Disclaimer: I received a free copy of this book from the author in exchange for an honest review. This does not affect my review in any way and the thoughts expressed are my own. I
Disclaimer: I received a free copy of this book from the author in exchange for an honest review. This does not affect my review in any way and the thoughts expressed are my own.
I didn’t read the first book but found I could still enjoy this novel regardless. After a traumatic childhood and teenage years, Suzanne finds herself out of the foster system and truly on her own for the first time. Having lived in another city for months at a hospital for people recovering from trauma, Suzanne decides to move back to Brighton, home of her two best friends but also memories of her greatest trauma. Despite this, she is desperate to spend time with her friends even if it is only for three months before they both go away to university. While she’s been away Caddy has gotten a boyfriend, Kel, and has become more outgoing. With Kel comes Matt, a sexy musician, who her friends warn her against yet that only makes him more intriguing.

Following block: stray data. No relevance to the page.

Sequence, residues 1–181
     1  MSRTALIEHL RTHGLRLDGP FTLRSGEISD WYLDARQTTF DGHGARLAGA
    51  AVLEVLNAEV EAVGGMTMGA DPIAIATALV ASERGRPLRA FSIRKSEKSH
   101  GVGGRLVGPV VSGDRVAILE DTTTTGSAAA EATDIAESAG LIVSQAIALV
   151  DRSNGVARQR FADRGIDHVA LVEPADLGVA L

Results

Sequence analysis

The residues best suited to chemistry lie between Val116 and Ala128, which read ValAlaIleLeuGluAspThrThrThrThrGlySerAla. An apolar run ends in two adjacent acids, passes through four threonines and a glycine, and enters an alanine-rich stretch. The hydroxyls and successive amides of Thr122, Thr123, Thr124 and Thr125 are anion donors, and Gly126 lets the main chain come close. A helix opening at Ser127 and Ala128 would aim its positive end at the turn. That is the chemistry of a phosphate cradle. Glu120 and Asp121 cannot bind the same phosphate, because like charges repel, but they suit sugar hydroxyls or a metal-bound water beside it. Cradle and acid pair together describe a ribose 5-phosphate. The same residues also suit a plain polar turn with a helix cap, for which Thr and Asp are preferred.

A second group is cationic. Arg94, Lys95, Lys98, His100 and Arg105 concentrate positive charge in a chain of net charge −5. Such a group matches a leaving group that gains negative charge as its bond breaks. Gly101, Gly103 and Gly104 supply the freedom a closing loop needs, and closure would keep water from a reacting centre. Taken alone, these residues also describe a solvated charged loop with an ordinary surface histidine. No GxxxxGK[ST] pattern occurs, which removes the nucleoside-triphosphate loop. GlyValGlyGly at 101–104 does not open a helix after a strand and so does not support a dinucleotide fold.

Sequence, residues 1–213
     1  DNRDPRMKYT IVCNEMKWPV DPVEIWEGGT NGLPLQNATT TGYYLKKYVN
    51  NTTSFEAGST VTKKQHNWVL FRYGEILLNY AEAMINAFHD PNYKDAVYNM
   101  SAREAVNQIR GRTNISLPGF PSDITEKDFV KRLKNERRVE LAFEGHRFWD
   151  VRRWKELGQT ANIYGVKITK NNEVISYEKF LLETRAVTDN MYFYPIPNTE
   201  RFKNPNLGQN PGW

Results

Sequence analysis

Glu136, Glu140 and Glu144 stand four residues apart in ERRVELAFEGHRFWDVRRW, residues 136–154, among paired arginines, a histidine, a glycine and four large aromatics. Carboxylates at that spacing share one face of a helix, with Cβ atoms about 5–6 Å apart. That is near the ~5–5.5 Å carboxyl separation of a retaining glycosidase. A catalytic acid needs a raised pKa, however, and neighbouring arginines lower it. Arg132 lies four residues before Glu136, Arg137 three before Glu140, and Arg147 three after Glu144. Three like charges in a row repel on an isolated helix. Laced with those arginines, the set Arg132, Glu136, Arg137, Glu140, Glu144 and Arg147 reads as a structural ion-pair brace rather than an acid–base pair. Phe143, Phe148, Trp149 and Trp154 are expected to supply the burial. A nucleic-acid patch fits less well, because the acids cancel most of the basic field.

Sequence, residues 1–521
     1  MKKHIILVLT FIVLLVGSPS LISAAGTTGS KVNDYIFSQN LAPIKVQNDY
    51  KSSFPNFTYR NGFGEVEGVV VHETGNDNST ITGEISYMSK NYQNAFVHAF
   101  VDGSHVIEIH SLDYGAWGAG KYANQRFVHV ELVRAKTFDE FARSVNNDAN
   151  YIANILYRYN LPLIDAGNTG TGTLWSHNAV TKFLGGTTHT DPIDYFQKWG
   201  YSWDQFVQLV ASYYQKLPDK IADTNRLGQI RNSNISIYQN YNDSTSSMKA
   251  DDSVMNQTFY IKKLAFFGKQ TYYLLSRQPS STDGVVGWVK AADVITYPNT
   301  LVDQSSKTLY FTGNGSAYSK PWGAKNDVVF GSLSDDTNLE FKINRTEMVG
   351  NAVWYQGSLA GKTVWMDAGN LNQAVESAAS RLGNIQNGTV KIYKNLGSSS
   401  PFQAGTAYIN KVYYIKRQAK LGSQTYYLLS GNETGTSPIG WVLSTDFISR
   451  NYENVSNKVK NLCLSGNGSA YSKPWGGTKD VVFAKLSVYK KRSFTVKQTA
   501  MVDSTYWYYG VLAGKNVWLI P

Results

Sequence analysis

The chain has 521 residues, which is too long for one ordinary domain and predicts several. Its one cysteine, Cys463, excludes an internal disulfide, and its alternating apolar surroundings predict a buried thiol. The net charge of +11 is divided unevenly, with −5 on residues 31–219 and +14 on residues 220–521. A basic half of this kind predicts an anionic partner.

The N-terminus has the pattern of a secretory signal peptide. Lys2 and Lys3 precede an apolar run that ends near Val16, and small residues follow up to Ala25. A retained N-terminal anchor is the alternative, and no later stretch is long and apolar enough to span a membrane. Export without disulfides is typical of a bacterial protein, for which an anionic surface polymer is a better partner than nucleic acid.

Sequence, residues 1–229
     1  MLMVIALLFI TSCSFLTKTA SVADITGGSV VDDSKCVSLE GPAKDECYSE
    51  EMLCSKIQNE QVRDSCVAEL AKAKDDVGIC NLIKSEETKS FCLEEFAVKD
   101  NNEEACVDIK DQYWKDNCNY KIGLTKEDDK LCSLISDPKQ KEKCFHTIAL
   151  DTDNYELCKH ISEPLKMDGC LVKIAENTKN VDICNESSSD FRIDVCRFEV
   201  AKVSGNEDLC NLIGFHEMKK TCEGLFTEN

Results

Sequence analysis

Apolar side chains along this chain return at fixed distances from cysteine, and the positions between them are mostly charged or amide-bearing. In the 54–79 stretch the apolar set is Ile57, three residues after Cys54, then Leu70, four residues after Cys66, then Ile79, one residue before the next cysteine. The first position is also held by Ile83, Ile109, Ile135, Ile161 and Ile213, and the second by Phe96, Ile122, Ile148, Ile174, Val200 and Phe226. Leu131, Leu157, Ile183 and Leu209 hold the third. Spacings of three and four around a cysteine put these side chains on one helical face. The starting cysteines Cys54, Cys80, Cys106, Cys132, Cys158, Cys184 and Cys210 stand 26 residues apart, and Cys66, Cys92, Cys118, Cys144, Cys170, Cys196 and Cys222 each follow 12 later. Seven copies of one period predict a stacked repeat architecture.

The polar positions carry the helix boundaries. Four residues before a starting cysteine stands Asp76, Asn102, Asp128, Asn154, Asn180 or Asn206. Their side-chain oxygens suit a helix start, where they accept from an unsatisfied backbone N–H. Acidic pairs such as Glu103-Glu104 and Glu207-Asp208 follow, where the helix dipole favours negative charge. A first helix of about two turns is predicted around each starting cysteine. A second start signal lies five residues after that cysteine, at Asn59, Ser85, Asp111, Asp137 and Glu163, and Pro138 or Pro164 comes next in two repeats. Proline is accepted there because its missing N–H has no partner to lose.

Suzanne gets a small, rundown one-room apartment with no bed that only serves to make her more depressed. But if living there means she gets to see Caddy and Rosie then it’s worth it. This was a great taste of reality, renting when you’re first out of home can be more depressing than anything else. Luckily for Suzanne, her new downstairs neighbour, Dilys, is a kind-hearted old lady happy to have a chat while she lets Suzanne use her laundry machine. Dilis is a lovely character, so kind and generous with an intriguing life story, plus she has a dog, Clearance, a real little character. She was by far the character I loved the most.